Banned From Facebook: Womens’ Rights Ukranian Civil Disobedience Group FEMEN

by Violet Blue on March 24, 2011

While no one is surprised to hear news that anyone or anything remotely human sexuality related has been banned from Facebook, it still sucks to find out that it’s still happening. A while back I posted a salute to Womens’ Rights Ukranian civil disobedience group FEMEN, which was well-received by many readers, and despite their no-porn stance, many of us became admirers. The salute post includes an interview and video, and they discuss their activist work to raise awareness around human rights issues, sex work, and sex trafficking in the Ukraine.

I wonder if anyone has a running list of legit sex-related people, businesses and organizations that have been booted and banned from Facebook. As some of you remember, the female sexuality focused Our Porn, Ourselves page was deleted (even though there was no pornography or links to pornography) after anti-porn group Porn Harms encouraged their fans to report the page for violations. They celebrated their victory after the deletion, showing just how easily Facebook – or any – ToS can be abused and how little Facebook cares about even application of its policies or those who flaunt ToS abuse.

Copyranter posted about FEMEN’s ban and boot yesterday, with a link to FEMEN’s LiveJournal page and the “see no evil” photo above. In Zuckerberg vs. Boobs, one translated line reads, “The Internet is less than coping with the role of a refuge for freethinkers and more implants bans and censorship, where they are not relevant.”

I think it’s like any corporate structure, really. They’re not ever going to give a shit about real people and meeting the actual needs of humans. Does CNN care about being accurate? Does Flickr care that I’m a paying customer when they delete my content without showing me what they’ve deleted and cripple my account without even telling me (and have done so repeatedly for the many years I’ve paid them for the pleasure)? Does Facebook care about extending equal services to… anyone? Why should they follow any rules, when they can make a quick dollar or extra pageviews?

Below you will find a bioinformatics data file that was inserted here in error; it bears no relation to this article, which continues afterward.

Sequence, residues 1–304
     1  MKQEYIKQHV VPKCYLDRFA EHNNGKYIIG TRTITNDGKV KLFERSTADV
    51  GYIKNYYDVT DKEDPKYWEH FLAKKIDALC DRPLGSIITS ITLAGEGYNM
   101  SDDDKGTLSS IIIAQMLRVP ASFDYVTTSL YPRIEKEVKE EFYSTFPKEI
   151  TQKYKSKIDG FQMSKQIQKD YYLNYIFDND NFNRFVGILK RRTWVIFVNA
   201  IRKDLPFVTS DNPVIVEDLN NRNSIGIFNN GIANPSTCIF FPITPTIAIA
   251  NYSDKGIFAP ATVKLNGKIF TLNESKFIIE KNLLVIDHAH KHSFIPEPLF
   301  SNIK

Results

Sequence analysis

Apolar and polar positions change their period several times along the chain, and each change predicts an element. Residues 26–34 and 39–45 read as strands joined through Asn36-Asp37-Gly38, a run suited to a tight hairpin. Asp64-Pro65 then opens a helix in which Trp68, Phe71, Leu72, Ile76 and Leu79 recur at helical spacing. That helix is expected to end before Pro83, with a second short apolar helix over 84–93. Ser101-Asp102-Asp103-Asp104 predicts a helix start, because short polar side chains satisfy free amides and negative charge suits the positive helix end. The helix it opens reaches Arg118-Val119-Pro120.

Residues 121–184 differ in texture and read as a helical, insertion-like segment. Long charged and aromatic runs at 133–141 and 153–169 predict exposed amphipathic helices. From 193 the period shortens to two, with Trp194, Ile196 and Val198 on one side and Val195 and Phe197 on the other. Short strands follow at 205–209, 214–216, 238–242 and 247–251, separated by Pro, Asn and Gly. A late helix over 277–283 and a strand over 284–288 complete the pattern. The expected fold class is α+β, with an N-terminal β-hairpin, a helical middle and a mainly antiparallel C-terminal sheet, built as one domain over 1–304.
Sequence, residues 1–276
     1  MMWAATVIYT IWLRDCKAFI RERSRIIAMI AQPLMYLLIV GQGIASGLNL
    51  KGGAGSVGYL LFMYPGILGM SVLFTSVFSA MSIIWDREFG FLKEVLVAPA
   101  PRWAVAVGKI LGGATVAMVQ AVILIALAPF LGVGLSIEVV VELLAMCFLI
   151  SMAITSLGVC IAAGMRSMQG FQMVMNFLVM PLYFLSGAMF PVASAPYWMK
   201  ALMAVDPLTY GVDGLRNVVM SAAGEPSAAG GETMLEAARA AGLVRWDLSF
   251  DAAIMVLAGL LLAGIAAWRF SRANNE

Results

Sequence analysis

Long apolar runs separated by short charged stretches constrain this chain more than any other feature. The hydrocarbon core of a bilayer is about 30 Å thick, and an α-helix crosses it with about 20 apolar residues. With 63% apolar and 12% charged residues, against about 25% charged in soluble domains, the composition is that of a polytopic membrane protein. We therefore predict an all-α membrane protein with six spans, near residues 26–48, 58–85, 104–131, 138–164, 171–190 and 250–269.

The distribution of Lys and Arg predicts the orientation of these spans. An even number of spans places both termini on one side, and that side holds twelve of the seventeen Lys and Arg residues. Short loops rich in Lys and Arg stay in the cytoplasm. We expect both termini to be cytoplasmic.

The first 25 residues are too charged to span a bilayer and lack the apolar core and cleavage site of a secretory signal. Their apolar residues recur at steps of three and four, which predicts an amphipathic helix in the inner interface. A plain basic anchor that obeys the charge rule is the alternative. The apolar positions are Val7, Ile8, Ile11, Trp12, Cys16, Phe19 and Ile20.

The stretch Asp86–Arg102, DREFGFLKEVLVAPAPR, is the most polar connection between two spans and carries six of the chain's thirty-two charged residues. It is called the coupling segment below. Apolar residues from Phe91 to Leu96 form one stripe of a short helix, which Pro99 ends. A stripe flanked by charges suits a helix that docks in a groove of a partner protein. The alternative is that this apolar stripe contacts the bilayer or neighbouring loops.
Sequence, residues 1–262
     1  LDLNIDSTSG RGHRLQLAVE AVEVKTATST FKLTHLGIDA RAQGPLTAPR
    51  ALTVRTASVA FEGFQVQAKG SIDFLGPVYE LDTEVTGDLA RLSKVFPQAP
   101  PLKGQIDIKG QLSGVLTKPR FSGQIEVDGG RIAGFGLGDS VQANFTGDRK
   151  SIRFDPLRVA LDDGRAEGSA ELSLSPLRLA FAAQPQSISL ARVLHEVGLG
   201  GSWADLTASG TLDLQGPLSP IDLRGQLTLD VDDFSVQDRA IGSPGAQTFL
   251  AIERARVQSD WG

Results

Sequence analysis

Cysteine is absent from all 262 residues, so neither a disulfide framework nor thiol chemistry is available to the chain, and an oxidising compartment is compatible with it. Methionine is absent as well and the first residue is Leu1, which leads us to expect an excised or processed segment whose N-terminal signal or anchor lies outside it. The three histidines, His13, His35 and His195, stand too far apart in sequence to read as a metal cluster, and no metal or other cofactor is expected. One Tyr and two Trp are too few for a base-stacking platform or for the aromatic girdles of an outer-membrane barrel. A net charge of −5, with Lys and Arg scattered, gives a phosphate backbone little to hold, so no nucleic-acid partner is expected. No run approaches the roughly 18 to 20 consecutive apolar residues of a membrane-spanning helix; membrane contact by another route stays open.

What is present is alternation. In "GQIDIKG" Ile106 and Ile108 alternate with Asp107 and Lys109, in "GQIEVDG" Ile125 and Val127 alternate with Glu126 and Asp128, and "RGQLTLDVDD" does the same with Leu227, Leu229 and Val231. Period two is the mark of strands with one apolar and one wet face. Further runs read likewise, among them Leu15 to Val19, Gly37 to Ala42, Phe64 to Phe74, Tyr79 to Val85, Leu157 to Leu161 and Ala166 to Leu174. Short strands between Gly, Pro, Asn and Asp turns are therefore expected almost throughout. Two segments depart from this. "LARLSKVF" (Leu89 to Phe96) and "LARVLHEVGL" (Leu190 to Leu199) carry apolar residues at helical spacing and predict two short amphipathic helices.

Very fast, the internet’s services have become the things we went to the internet to get away from – self-censoring interests that only care about making a buck off of us. I think the mistake we’re making is thinking that because these big companies are online where everyone is equal, and they have done well to fool us into thinking it’s safe to put things we care about in their custodianship, that they are not going to behave in discriminatory ways toward us. Right now, there is no accountability for these companies to keep their word, and so naturally they’re going be on their worst behavior. They don’t need to bother with actually making a whole and complete business model that can be adjusted for all levels – sustainable models for long-term success – because it’s easier to just keep screwing people who don’t – yet – have a better place to go.

Fact: you will not be treated fairly or equally by Facebook, Flickr (Yahoo), Google, Apple, CNN, etc. Ever.

I’m sorry FEMEN got booted from Facebook *and* YouTube, along with all the other people I know. I hate seeing people and groups pushed to the margins of the internet, and the playing field become increasingly uneven. I hate seeing Apple keep that fucking awful anti-gay app in its store and how hard thousands of people had to work to make Apple wake the fuck up about it. No one I talk to is happy with this atmosphere. So many great and talented people here in the Bay Area and Silicon Valley are fed up with the inhumanity and corporate greed, which we all know is a symptom of a deeper problem, and they are quitting the big companies in droves – or actively preparing to.